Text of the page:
There was a time when the separation of working sketches and finished paintings in exhibitions annoyed me. I was young, and I thought hanging the works side-by-side, so I could easily compare them, would help me learn.
The Pace Gallery's current Thomas Nozkowski exhibition (through December 4) satisfies my younger self, hanging nearly half of the 60 careful abstract paintings next to what appear to be their studies (though apparently he made the paintings first). It presents a strong argument for why such displays rarely occur: successive similar artworks often aren't very interesting.
I tried to imagine the rationale Nozkowski would have offered in 2001, when he taught one of my classes at Rutgers. I came up with very little, but the pairings communicated a distilled narrative about the artistic process. My own evaluation of Nozkowski's apparent decisions immediately followed. "Untitled (8-120)": "I'll make the circles smaller inside this blob." Better. "(Untitled (8-115)": "I'll make the sky yellow instead of grayish-purple." Worse. "(Untitled (N-30)": "I'll remove the white from this thicket of red hatching." Not sure.
I don't imagine it was Nozkowski's intent to elicit this kind of aesthetic second-guessing, nor do I believe an artist working at his level would be unaware of the impulse to read the hanging this way. A more charitable interpretation might be to say that the choice simply aims to acknowledge the enormous amount of production in the show by denying any sense of uniqueness. After all, it's much harder to describe a painting as special when its twin is nearby.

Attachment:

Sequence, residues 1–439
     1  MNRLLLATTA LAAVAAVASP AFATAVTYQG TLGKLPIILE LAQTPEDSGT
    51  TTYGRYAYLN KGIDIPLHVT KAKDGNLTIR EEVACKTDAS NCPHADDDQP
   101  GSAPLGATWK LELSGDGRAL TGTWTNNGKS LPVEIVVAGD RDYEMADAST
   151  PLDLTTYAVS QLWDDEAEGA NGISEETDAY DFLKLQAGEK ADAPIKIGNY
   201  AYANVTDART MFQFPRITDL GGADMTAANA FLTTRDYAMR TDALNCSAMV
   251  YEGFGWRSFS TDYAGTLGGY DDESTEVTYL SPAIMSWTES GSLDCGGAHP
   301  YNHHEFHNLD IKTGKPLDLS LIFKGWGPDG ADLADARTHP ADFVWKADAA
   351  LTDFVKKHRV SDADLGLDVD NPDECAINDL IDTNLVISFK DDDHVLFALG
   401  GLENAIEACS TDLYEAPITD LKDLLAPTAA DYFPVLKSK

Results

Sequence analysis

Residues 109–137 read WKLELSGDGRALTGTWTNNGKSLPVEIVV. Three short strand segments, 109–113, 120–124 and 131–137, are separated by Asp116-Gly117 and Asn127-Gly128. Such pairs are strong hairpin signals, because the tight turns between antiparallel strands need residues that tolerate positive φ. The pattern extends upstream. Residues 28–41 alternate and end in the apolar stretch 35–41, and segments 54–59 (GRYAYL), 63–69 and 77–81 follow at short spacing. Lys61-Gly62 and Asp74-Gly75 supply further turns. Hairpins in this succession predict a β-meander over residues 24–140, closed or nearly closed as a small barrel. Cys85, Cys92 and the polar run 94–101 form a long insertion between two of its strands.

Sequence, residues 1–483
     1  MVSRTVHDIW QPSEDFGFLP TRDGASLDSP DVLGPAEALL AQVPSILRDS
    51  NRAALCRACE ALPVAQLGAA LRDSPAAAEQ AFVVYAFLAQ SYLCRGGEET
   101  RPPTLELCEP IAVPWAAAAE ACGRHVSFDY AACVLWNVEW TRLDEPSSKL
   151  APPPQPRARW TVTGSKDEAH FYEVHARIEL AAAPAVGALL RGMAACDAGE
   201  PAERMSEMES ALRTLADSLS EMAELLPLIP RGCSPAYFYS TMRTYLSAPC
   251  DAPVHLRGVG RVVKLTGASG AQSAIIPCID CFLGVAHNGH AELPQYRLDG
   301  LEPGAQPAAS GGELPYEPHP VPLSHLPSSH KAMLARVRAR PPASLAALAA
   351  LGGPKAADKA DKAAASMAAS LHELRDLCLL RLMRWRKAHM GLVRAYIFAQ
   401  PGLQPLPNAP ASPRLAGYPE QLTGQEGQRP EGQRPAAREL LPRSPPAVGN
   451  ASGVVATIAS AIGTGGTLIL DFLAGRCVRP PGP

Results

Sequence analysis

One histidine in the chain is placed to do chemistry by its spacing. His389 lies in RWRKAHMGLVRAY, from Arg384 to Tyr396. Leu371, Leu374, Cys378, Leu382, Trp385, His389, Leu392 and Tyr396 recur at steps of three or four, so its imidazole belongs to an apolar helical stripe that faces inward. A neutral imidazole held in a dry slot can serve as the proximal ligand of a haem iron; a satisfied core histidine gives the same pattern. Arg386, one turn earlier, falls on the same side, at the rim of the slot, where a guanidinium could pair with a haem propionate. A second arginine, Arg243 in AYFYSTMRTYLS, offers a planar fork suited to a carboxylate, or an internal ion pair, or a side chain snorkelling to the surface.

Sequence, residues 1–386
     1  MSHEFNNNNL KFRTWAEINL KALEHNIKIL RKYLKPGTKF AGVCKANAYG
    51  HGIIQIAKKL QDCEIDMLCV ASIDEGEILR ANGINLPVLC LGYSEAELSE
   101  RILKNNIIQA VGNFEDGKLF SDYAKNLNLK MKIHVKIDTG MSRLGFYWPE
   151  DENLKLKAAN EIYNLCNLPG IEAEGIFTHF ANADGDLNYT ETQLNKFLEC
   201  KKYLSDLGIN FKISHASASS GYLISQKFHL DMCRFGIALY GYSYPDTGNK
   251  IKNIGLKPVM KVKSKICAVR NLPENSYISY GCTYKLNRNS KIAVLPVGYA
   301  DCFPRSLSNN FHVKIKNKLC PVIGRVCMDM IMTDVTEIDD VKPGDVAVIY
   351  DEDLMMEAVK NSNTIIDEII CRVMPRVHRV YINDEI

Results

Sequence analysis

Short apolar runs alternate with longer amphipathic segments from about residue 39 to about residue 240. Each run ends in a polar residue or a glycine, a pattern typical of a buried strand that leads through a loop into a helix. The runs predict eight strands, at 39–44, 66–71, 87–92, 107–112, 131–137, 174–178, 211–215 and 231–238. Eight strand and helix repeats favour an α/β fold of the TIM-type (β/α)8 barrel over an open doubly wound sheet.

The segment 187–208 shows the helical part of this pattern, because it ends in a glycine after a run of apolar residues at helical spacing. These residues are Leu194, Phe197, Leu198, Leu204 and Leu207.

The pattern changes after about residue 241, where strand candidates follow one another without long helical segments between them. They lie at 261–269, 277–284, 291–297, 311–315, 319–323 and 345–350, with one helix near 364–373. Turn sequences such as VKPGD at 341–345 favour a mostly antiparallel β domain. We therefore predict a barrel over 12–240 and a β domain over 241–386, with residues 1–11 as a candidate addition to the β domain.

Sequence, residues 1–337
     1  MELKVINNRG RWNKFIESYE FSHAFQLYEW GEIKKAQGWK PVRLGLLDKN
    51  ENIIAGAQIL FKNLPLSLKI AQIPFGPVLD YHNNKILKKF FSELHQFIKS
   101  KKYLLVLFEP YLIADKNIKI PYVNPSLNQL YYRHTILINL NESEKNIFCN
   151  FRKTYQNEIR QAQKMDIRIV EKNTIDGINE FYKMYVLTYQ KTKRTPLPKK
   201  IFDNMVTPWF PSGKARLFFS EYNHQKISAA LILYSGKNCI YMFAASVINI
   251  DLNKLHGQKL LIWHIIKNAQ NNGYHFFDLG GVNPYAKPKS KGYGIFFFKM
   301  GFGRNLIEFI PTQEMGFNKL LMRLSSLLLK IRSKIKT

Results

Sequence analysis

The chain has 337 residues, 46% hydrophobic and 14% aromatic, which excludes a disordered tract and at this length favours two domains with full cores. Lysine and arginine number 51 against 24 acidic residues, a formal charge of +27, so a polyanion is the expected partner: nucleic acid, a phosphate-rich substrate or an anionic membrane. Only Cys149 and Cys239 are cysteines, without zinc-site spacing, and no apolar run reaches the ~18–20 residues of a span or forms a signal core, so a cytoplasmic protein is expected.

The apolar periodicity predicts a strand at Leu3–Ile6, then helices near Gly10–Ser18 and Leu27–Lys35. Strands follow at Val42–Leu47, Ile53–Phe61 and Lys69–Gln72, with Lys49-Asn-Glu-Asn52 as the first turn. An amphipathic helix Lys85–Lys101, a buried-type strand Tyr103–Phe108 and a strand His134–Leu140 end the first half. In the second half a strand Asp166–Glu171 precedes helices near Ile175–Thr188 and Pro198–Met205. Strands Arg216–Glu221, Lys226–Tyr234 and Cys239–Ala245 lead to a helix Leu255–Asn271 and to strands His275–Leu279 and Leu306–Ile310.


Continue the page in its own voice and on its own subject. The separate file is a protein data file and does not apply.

This interpretation lends the show a little more teeth, but the concept's a stretch. The real problem is that too many of these works either don't depart far enough from their real-world sources or too closely evoke others. Color triangles hung from a line look just like the flags at the Maker Faire; a multi-colored set of cubes ultimately just resembles houses; and a bulbous black form seems inspired by Lite Brites.
What's most interesting is how Nozkowski resolves seemingly impossible compositional and color problems, but few works in here demonstrate this. In "Untitled (8-121)," one such success, a yellow striped background is abruptly overlaid with an arched white form outlined in black. "Untitled (8-127)," in which a rainbow of orange, blue, and pink is disturbed by a brownish cloud encroaching from the left side of the panel, feels much the same. In both cases, the surprising interruption of form disrupts the composition of the painting in a compelling way.
As for the rest of the works in the show, too often they read like beautified versions of their predecessors. Nozkowski has often used grids and strips in his work, but they rarely take on the flavor of home decor that they do here. It's a letdown.
(images © Thomas Nozkowski, courtesy The Pace Gallery; photos by: G. R. Christmas/ Courtesy The Pace Gallery)